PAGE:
Vice President Dick Cheney seeks to expand eminent domain authority for the Federal Government
SEATTLE — Western Republicans and property-rights groups, after years of fighting environmental activists over restrictions on land use, are gearing up to oppose the Bush administration on an issue at the heart of regional fears about overreaching federal power.
The New York Times reports that President Bush's energy plan includes provisions allowing the federal government to seize private property, using eminent-domain authority, to place new electric transmission lines.
Any plan to expand the federal government's ability to condemn private property is likely to run into heavy opposition in a region that has long been staunchly Republican, says a spokesman for Sen. Larry E. Craig, R-Idaho.
Craig definitely feels this issue is best left up to the states.
Vice President Dick Cheney, a one-time Wyoming Congressman, talks of the need to give the federal government authority to condemn private property to ease the way for thousands of miles of new power lines — something that would require the approval of Congress. This authority is now granted for placing natural gas lines, but not for expanding the electric grid.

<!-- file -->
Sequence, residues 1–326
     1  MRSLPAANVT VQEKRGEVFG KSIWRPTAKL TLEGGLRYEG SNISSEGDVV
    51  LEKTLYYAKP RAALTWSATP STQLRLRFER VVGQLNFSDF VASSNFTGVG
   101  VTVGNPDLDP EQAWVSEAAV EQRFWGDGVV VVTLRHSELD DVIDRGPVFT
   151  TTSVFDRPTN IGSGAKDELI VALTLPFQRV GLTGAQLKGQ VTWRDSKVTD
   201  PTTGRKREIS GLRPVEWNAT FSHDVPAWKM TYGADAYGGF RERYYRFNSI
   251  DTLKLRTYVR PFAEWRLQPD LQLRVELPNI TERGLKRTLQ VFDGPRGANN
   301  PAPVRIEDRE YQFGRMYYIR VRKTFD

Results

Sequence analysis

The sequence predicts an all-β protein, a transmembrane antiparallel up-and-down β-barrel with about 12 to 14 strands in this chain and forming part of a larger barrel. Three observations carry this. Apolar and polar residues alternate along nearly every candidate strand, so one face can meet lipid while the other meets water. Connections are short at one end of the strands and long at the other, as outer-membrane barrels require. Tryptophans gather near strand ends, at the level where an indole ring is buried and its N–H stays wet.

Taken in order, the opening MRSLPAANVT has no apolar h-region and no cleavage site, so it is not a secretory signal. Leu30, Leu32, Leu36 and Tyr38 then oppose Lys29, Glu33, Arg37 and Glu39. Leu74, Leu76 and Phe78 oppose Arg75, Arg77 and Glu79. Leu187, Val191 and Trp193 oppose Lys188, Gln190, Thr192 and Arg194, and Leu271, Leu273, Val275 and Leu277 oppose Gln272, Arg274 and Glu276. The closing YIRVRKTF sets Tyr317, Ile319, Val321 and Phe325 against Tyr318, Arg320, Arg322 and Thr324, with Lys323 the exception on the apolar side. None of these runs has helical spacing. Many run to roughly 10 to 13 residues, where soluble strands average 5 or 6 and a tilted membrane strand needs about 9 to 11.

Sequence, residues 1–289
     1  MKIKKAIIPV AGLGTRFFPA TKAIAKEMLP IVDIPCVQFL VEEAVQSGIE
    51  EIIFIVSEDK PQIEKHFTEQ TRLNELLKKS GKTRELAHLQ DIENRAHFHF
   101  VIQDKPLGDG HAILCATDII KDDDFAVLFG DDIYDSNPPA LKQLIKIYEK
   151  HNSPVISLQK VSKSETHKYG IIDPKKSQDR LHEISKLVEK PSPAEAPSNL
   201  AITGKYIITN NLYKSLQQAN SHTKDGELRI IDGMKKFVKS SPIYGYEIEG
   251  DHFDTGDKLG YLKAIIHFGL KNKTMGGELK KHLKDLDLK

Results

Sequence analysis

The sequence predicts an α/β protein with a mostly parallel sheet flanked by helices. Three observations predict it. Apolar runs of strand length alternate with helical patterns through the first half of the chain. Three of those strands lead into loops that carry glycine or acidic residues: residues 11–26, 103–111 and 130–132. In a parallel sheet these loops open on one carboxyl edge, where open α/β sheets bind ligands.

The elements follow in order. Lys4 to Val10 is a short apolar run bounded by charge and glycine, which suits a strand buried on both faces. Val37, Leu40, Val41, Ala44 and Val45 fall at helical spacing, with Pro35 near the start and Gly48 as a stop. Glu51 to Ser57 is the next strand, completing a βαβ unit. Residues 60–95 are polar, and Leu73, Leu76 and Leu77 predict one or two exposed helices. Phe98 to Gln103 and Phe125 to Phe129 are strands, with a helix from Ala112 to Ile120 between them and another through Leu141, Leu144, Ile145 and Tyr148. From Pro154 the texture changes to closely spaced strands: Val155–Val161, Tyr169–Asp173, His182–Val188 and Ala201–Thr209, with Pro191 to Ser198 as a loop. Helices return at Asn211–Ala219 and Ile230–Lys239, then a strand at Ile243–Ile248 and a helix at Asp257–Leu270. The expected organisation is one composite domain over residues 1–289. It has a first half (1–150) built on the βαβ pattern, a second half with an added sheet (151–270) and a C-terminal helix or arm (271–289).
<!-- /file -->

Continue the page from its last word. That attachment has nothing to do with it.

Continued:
Western governors say they have been told by federal authorities that the nation's electric grid needs to be expanded by as much as 55,000 miles, and that this cannot be accomplished without granting the Federal Energy Regulatory Commission new powers to condemn property.
Chuck Cushman, executive director of American Land Rights, a property-rights group in Battle Ground, Wash., says it is dangerous to give power of condemnation to any federal agency.
States now have the right of eminent domain to place their own powerlines.
Western governors, including Michael O. Leavitt of Utah and Dirk Kempthorne of Idaho, both Republicans, have cautioned the Bush administration against any new federal eminent-domain authority.
Eminent domain, in which the government condemns a private property, establishes a fair-market value for it, then pays the property owner, is usually invoked for highways or military facilities.
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